Lionel Dupuy, a plant–environment researcher at the Basque Foundation for Science at the Neiker Institute in Spain, is also interested in the behaviour of bacteria. ‘It’s very hard to see a microbe as one type of species doing one thing, another type of species doing another thing – it’s a very complex network of interactions,’ he says. ‘The moment you dig the soil, you lose [all of] these interactions that are happening.’
Dupuy is developing new technologies that will allow soil scientists to study these interactions without the need for a trowel. He is creating plastic particles that can be used as a form of transparent soil that enables the study of fluorescent bacteria without disrupting the delicate structures. ‘The main challenge of making a transparent soil is not transparency. Otherwise, we would just use glass beads. It’s to have material that has a refractive index that is very close to water,’ he says.
In addition, the plastic needs to have similar chemical properties to soil particles, including allowing mineral ions to attach to the surface and being hydrophilic. Teflon has the right refractive index, but it is famously hydrophobic. However, by chemically modifying it to hold water, Dupuy has successfully used it in his transparent soils.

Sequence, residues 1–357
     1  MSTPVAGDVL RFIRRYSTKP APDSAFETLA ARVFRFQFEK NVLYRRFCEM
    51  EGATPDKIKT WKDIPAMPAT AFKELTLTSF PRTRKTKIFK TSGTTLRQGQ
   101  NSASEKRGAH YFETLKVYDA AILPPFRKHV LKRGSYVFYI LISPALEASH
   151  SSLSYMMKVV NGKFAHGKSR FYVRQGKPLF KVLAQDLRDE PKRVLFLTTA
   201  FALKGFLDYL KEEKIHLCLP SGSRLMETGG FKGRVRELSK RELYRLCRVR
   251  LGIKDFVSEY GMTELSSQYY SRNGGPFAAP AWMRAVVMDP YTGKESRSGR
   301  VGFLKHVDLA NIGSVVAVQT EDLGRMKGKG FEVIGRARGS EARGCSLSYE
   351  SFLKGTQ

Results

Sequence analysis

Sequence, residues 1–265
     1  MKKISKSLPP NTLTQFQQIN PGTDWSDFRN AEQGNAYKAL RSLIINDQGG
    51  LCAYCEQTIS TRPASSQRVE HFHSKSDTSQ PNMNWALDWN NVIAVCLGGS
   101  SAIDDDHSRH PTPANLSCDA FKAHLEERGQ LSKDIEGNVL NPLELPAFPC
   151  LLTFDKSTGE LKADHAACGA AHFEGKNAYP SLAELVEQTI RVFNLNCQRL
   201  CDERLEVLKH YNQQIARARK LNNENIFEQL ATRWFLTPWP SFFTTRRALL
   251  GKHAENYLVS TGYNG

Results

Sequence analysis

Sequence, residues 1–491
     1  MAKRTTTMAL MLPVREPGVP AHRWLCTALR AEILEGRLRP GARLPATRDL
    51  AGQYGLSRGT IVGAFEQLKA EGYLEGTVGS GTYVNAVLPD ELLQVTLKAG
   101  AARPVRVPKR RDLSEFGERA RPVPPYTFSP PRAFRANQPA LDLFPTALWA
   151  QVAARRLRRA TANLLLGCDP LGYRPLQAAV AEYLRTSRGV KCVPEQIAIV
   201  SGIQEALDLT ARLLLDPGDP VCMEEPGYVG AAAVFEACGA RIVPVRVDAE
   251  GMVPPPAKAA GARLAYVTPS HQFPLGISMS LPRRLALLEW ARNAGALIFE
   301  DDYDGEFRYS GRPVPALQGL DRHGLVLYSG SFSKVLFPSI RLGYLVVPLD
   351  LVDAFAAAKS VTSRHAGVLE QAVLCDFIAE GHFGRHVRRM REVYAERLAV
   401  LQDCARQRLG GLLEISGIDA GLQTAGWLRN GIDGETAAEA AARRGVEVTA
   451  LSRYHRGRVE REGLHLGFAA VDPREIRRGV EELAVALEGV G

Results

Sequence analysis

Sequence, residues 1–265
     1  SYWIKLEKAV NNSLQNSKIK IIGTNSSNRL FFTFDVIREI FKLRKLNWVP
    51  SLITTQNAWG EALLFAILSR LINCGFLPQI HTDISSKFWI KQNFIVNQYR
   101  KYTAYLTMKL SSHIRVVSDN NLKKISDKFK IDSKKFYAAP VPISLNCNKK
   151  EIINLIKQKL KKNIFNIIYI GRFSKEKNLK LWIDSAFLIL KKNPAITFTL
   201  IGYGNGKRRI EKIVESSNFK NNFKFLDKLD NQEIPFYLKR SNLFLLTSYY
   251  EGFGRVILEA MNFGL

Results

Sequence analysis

Although described as soil, in consistency it is more like sand, he says: ‘Right now, there’s so little done in soil that we’re happy to work just with the sand. [Agricultural soil] could be done in the future, but that’s a lot of work.’
Flocking like birds
By adding genes for fluorescent proteins into bacteria of interest, Dupuy and his team can follow their movements through the transparent soil. They can build up a three-dimensional reconstruction with a technique called light-sheet microscopy, which uses a laser to produce a thin sheet of light to create the optical equivalent of taking a section slice while leaving the sample undisturbed. ‘We are making stunning observations of the migration of microbes in the soil,’ he says. ‘We see microbes behaving like a flock of birds.’
Dupuy is particularly interested in the bacteria that live around the roots and how they interact with plants and one another. ‘We’re trying to understand what makes microbes stay on the roots if it’s a beneficial [microbe]. Because the soil is highly competitive; there are lots of microbes already out there. So how do you maintain the right type of microbes?’ says Dupuy.
We see microbes behaving like a flock of birds